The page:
By the end of third grade, students should be able to complete 100 multiplication facts in five minutes. One fact I know is that they haven’t really memorized the facts unless they can do them in three minutes. That’s why I have “The 3-Minute Club.”  Last year, 18 out of my 20 students were proud members. The remaining two could do their facts in five minutes, but I saw some secretive finger counting under the table. (I’ve been known to make them sit on one hand when they do fact practice, math meanie that I am!)

Some people call it drill and kill, but my students call it FUN!  They literally salivate at the chance to practice math facts. It wasn’t always like that. Five years ago I attended a New Management Seminar given by Rick Morris, who has lots of creative ideas on classroom management. That’s where I learned about the TeachTimer, which can be used on any standard overhead projector. It functions as a clock and a timer, and can count up or down. It costs around $40 (divide by $3.75 to calculate the number of lattes this equals). I’ve only had to replace the battery once, which makes it one of the best investments I’ve made.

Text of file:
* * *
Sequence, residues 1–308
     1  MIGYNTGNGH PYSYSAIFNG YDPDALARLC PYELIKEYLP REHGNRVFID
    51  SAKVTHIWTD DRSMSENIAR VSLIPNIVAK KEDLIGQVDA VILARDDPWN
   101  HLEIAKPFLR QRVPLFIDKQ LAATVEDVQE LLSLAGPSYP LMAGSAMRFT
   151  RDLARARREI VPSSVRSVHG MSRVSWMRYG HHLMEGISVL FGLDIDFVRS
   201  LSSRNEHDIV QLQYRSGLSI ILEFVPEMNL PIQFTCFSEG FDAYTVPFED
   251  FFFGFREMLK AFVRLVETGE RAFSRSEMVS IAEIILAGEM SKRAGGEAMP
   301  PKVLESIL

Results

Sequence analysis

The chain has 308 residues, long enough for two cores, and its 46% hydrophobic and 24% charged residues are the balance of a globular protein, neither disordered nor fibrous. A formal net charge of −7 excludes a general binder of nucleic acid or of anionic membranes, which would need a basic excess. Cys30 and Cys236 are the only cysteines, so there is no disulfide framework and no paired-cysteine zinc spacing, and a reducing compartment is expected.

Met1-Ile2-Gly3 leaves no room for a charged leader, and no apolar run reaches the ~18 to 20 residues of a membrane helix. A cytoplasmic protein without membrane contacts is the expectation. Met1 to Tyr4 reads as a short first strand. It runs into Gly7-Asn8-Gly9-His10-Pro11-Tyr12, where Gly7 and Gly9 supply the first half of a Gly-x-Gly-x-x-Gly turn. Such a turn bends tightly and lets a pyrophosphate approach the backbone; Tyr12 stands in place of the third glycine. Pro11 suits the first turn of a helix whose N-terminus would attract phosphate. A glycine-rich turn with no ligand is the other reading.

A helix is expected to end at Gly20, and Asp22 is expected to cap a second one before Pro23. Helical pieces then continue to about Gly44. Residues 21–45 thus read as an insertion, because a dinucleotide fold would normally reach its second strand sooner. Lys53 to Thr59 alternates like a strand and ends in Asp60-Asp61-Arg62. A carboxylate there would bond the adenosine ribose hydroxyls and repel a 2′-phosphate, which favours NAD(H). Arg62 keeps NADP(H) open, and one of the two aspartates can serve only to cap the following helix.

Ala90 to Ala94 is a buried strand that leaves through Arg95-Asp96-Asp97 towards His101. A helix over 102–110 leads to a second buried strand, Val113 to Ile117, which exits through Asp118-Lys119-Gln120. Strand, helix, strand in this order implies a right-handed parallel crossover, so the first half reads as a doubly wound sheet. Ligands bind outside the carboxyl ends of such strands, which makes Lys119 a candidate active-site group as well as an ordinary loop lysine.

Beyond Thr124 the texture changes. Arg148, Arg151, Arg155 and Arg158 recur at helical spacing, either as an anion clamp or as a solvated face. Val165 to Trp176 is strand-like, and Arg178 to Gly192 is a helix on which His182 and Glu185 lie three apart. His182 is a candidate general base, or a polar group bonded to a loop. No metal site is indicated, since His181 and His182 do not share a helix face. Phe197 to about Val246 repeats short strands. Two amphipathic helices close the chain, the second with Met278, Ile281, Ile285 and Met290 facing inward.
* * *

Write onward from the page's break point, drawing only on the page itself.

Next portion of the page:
Here’s how I do it.  My friend, Jen, gave me sheets of 100 math facts – various levels of addition, subtraction, multiplication, and division. My students drill daily and by introducing the timer on Day 1, they get over their fear of being timed.

The rules are simple. No one gets to shout, “Yes!” or dramatically flip their paper over to let the entire class know they’ve already finished. The great thing about the TeachTimer is I can set it to count down, so those students who finish early can write the time remaining. Once they’ve written 2:00, they know they’re “in the club.”

I give students the same facts every day for a week. On Monday they write M-5, as they have five minutes. Tuesday is also T-5.  But then we speed things up, so Wednesday is W-4, and Thursday is R-3 (yes, I have to explain why I use R instead of Th, but they quickly catch on). On Friday, they once again take the same test in five minutes (F-5). That’s the one I grade. When the timer beeps, I say, “Pencils down, correcting crayons out.”